SPECIAL INTERVIEW WITH NICOLE KELLEHER
Romance and fantasy blend seamlessly together in Nicole Kelleher’s unforgettable Aurelian Guard series. I was first introduced to the series with her second installment, The Queen’s Dance and now I can’t get enough! Fans of both genres will love this new author and her spectacular world building as well as the wonderful cast of humorous and sympathetic characters.
I was beyond ecstatic when she agreed to our exclusive interview!
1) Thank you so much for being here. I can’t tell you how impressed I was by your series. It has completely enchanted me. Your writing seems so seasoned. Have you written anything before this series?
Thank you for inviting me! That’s a wonderful compliment considering that my writing before the Aurelian Guard Series was limited to hotel training manuals, memos, and employee reviews. As a newbie author, I was fortunate enough to land a publisher with an excellent editor; he always knew the exact amount of spice to add or take away.
2) I'm so glad you did! Fantasy and romance are my two favorite genres. So your books are a dream come true. What compelled you to write such an ambitious series? Where did you get the idea for Aurelia?
I’ve always been drawn to the writing and world-building of Herbert (and son), Tolkien, King, Greg Keyes, and some of Clive Barker’s work. Then I read Ken Follett’s The Pillars of the Earth and Diana Gabaldon’s Outlander. All of these author’s books and series span such great distances and time, and I wanted my novel to do the same. I naively set out to write an epic—the first draft of Wild Lavender was 304K words! I’m not saying this can’t be done by a new author, but in romance, there are rules. Luckily, a friend and fellow romance writer set me straight. When I argued that if Gabaldon could do it… Her reply is one that I will forever cherish: “Honey, you’re not Diana Gabaldon.”
As for the fantasy realm of Aurelia, I must give some credit to the Botanical Society of Britain and Ireland. The BSBI helped me make the switch from historical romance to historical fantasy romance. When I started writing Wild Lavender, I envisioned the story taking place in France or England. While researching the deadly-to-livestock cocklebur for the chapter, “Trouble in the Stable,” I discovered that the plant is native to North America and would not have existed in Medieval Europe. This is when the internet comes in handy, especially at 1:00 a.m.. I found the BSBI website, hit the “contact us” button, then clicked on the general “enquiry desk” link, and shot off an email asking about similar deadly plants in the UK. The next morning, I was amazed to see a reply:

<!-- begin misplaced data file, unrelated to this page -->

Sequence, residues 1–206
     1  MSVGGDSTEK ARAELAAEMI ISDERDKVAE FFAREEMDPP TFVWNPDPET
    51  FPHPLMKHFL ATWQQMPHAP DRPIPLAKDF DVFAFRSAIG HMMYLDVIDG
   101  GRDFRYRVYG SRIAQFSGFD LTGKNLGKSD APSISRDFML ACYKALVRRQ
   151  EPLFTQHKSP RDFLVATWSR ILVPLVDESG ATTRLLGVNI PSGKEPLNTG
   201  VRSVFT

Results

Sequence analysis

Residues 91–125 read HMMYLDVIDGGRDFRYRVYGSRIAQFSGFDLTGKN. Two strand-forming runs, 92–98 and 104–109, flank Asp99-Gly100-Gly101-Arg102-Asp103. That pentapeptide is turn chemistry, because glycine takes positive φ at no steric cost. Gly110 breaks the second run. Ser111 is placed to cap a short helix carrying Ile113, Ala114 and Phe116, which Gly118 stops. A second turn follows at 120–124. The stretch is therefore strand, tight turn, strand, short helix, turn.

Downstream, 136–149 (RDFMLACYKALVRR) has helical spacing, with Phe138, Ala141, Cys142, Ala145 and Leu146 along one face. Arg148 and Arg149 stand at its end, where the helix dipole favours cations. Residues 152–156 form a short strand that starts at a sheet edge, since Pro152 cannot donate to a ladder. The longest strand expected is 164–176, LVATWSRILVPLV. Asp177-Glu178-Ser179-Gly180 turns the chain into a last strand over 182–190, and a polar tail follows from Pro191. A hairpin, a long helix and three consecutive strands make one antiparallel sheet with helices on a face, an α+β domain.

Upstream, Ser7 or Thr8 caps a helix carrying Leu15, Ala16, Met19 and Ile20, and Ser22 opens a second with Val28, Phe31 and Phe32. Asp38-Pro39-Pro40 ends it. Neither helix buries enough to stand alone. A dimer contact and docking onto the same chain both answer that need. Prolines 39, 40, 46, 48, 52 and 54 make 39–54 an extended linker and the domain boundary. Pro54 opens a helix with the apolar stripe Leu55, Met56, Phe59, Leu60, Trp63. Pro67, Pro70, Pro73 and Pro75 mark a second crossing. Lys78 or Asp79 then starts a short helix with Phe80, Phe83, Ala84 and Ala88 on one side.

There are no such deadly plants in the UK.
Introducing…The Bogbur. Suddenly, I had unlimited artistic license. Even though I research quite a bit to remain true to the time period, I was free to create names, plants, weapons, and entire realms. I then drew from my language studies to come up with place names. Chevring, where Anna’s family raised destriers, comes from the French word for horse, cheval. And I used The Google to find translations for Old Welsh, Old Irish, Old Every Language. Eventually, I made a spreadsheet* to keep track. This is just a sample:
* self-professed Excelaholic
3) Wow, that is so cool I'm glad you decided to create your own world- a lot more interesting! BTW, I loved Lady Claire from the Queen’s Dance and Lady Anna from Wild Lavender. Both completely transform to their full potential. Did you know when you were writing the first book in the series you would be writing about Claire in the second? How many books do you plan to write?